SUT.Browser.FindElement(By.TagName("form")).Submit();
    }

    //...snip...
}

Again, this approach is loosely-typed and very likely to introduce maintenance problems both in your views as well as in your tests.  Tests should enable you to change your application with confidence, not introduce additional hurdles.  Fortunately there is a better way.

ASP.NET MVC provides a way to generate forms using strongly-typed lambda expressions over your view models:

@using (Html.BeginForm()) {
    <div>
        <fieldset>
            <legend>Account Information</legend>

            <--- SNIP -->

            <div class="editor-field">
                @Html.TextBoxFor(m => m.UserName)
            </div>

            <--- SNIP -->
            
        </fieldset>
    </div>
}

This approach is the most prevalent in the community and is the one that SpecsFor.Mvc works with out of the box. Assuming you have already directed SpecsFor.Mvc to a page containing a form, you can populate the form using strongly-typed lambda expressions which are again refactor-friendly:

public class when_a_new_user_registers : SpecsFor<MvcWebApp>
{
    //...snip...

    protected override void When()
    {
        SUT.FindFormFor<RegisterModel>()
            .Field(m => m.Email).SetValueTo("test@user.com")
            .Field(m => m.UserName).SetValueTo("Test User")
            .Field(m => m.Password).SetValueTo("P@ssword!")
            .Field(m => m.ConfirmPassword).SetValueTo("P@ssword!")
            .Submit();
    }

    //...snip...
}

Under the hood, SpecsFor.Mvc is utilizing the same conventions as ASP.NET MVC’s lambda-based helpers to determine the IDs for form elements based on your model.  Since both the view and the tests are based on the same conventions, your tests will stay in sync with any changes you make to your view. 

Note: At this time the conventions are sealed in, but they will be exposed so that they can be overridden with alternate conventions in a future release. 

After submitting a form, you can utilize MvcContrib.TestHelper to verify that your application redirected to the desired location:

public class when_a_new_user_registers : SpecsFor<MvcWebApp>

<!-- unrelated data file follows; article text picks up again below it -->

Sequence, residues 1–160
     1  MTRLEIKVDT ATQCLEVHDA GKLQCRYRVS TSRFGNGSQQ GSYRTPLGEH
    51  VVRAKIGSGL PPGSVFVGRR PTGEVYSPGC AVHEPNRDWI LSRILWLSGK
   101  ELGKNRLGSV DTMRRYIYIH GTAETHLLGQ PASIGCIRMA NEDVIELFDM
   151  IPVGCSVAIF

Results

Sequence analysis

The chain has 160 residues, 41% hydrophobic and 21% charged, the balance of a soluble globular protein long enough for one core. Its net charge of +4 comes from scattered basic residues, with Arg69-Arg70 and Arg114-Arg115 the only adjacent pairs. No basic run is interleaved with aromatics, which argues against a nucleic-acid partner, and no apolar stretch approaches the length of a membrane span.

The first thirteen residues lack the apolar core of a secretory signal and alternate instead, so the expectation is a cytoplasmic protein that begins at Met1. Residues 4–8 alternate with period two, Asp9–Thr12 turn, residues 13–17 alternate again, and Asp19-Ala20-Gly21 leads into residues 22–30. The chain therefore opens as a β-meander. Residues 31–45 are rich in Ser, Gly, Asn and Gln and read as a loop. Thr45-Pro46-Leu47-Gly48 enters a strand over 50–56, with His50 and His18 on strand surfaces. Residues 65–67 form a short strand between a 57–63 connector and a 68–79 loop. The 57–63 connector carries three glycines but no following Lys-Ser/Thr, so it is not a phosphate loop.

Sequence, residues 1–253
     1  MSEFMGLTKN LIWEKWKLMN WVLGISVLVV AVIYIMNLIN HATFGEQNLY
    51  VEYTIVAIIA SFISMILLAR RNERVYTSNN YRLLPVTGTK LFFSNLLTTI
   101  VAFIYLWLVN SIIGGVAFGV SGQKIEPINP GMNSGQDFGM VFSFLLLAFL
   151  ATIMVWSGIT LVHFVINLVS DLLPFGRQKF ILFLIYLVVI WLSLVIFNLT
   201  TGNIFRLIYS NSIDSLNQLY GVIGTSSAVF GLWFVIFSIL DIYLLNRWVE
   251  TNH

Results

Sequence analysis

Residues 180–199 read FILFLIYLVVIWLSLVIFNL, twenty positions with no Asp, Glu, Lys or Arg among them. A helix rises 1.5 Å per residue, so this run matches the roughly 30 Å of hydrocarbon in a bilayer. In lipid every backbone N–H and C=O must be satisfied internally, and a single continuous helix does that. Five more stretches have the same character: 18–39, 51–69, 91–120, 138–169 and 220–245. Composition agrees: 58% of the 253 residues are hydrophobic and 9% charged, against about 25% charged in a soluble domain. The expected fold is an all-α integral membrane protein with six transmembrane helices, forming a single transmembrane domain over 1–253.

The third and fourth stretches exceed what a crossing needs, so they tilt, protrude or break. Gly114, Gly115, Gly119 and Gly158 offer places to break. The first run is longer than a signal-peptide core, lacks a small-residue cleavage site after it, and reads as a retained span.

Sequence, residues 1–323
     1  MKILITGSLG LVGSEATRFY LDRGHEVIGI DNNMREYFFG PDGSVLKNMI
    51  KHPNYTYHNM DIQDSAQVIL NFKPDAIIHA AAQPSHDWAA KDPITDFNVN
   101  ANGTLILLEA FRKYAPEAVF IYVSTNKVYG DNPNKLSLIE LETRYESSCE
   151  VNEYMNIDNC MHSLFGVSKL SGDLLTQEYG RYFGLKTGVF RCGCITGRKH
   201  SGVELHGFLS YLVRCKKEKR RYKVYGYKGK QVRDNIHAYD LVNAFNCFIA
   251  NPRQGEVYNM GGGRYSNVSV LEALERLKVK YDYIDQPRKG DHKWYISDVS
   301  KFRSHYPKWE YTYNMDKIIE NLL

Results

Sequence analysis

{
    //...snip...

    [Test]
    public void then_it_redirects_to_the_home_page()
    {
        SUT.Route.ShouldMapTo<HomeController>(c => c.Index());
    }

    //...snip...
}

The next version of SpecsFor.Mvc will include a configurable, convention-based method of verifying locations that’s also compatible with single-page applications.

Testing Validation

The final piece of interacting with forms via SpecsFor.Mvc is validation.  You can test both server-side and client-side validation.  Assuming you are using the out-of-the-box conventions, you can use the same fluent API for checking field validation as you use for filling out forms:

public class when_a_new_user_registers_with_invalid_data : SpecsFor<MvcWebApp>
{
    //...snip...

    protected override void When()
    {
        SUT.FindFormFor<RegisterModel>()
            .Field(m => m.Email).SetValueTo("notanemail")
            //.Field(m => m.UserName).SetValueTo("Test User") --Omit a required field.
            .Field(m => m.Password).SetValueTo("P@ssword!")
            .Field(m => m.ConfirmPassword).SetValueTo("SomethingElse")
            .Submit();
    }

    //...snip...

    [Test]
    public void then_it_marks_the_username_field_as_invalid()
    {
        SUT.FindFormFor<RegisterModel>()
            .Field(m => m.UserName).ShouldBeInvalid();
    }

    [Test]
    public void then_it_marks_the_email_as_invalid()
    {
        SUT.FindFormFor<RegisterModel>()
            .Field(m => m.Email).ShouldBeInvalid();
    }
}

You can also check the page’s Validation Summary:

public class when_logging_in_with_an_invalid_username_and_password : SpecsFor<MvcWebApp>
{
    protected override void Given()
    {
        SUT.NavigateTo<AccountController>(c => c.LogOn());
    }

    protected override void When()
    {
        SUT.FindFormFor<LogOnModel>()
            .Field(m => m.UserName).SetValueTo("bad@user.com")
            .Field(m => m.Password).SetValueTo("BadPass")
            .Submit();
    }

    //...snip...

    [Test]
    public void then_it_should_contain_a_validation_error()
    {
        SUT.ValidationSummary.Text.ShouldContain("The user name or password provided is incorrect.");
    }
}

The next version of SpecsFor.Mvc will also allow you to override the underlying conventions for locating validation messages (conventions are going to be a major theme in SpecsFor.Mvc 2.0).

What’s Next?

Submitting data is great, but what about reading it back out?  In the next post, I’ll show you how to find data on a page using SpecsFor.Mvc’s strongly-typed, refactor-friendly API.  In the meantime, check out the project on Github, or install the package via NuGet!